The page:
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Report of active shooter at JBLM was ‘miscommunication’ during training exercise

Members of the 62nd Civil Engineer Squadron, pack up after installing the new Joint Base Lewis-McChord sign at the entrance of the base Sunday. (Abner Guzman/U.S. Air Force)

A report of an active shooter Thursday morning at Joint Base Lewis-McChord was actually a “miscommunication” during a training exercise for active shooter situations, according to a base spokesperson.

Military police responded about 10 a.m. for a report of an active shooter near Lewis North, an area of the base northwest of Interstate 5 near American Lake. Police went to that area and found no evidence of an active shooter.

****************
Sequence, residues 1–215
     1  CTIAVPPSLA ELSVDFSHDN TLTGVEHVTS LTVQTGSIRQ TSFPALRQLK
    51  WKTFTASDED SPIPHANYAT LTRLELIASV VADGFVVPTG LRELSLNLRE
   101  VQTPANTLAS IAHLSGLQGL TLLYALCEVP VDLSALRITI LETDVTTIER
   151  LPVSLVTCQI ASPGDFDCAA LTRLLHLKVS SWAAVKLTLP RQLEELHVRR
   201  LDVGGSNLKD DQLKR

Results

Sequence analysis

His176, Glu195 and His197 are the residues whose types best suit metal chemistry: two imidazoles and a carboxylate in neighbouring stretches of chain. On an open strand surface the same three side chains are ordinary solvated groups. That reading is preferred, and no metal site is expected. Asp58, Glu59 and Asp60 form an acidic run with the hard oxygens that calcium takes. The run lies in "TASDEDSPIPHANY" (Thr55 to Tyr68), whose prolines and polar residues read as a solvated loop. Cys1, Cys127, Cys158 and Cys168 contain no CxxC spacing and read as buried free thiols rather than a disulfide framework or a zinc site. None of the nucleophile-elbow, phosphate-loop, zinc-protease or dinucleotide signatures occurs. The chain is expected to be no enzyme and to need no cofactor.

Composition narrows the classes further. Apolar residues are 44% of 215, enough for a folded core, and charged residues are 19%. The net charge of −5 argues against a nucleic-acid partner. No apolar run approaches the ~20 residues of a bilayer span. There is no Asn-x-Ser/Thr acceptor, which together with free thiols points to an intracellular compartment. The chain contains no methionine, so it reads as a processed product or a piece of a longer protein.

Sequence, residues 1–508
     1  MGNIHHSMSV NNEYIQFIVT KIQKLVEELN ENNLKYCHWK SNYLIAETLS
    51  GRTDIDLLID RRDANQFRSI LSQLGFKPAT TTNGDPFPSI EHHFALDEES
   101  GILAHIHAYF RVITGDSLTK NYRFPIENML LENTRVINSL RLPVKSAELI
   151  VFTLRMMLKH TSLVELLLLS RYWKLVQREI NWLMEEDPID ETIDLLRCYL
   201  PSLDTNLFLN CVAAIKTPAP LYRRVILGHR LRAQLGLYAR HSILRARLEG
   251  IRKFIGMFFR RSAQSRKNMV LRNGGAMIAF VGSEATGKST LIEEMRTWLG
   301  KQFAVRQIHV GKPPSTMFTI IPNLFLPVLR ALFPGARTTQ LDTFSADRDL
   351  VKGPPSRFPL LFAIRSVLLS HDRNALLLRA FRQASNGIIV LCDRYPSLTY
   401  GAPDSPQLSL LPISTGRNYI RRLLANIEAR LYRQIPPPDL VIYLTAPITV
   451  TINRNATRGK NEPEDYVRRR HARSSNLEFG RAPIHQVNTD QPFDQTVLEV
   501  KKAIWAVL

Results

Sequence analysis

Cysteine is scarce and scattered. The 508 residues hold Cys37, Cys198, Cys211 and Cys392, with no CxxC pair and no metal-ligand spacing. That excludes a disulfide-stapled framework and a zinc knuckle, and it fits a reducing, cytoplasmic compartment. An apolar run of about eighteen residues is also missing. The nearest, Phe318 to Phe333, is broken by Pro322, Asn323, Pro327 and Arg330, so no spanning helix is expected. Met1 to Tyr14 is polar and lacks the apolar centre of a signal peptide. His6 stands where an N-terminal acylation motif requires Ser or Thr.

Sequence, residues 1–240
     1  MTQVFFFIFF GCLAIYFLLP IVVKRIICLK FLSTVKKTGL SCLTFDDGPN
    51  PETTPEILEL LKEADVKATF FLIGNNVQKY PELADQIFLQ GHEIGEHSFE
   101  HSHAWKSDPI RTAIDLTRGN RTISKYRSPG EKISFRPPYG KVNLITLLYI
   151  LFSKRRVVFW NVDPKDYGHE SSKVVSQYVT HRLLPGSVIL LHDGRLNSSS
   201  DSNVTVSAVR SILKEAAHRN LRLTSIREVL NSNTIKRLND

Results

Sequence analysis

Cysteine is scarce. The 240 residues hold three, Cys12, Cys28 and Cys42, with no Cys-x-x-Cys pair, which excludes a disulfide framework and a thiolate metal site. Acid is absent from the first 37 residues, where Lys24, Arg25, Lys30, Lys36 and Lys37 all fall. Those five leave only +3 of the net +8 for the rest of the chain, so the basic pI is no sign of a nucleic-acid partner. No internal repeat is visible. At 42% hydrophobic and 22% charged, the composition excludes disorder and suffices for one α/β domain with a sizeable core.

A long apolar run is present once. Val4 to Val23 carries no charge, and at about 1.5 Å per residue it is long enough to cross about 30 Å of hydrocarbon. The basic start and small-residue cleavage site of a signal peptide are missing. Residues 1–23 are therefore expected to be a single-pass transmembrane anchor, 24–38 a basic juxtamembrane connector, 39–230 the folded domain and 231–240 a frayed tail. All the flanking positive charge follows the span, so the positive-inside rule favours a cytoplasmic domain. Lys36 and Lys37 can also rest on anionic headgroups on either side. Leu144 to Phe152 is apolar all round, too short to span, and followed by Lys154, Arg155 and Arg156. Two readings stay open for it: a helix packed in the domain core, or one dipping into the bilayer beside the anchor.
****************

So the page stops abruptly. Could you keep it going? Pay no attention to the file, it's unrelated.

Base spokesperson Gary Dangerfield said someone had overhead “active shooter, active shooter,” while a unit was conducting training and called 911.

“Our military police were responding to a call and doing what they needed to do to secure the area and keep us all safe,” Dangerfield said.

Dangerfield apologized for the false alarm. JBLM was not put on an official lockdown, but the report caused some at the base to take cover.

Bruce Wong, 69, said his younger sister, who works as a special education teacher at JBLM, texted him at about 10:30 a.m., telling him she’d heard the whole base was locked down and that she was hiding under her desk.

“I started texting my family to make sure that they knew,” Wong said. “We had a whole set of text messages between our brothers and her: ‘stay under the desk, grab something just in case, barricade the door.'”

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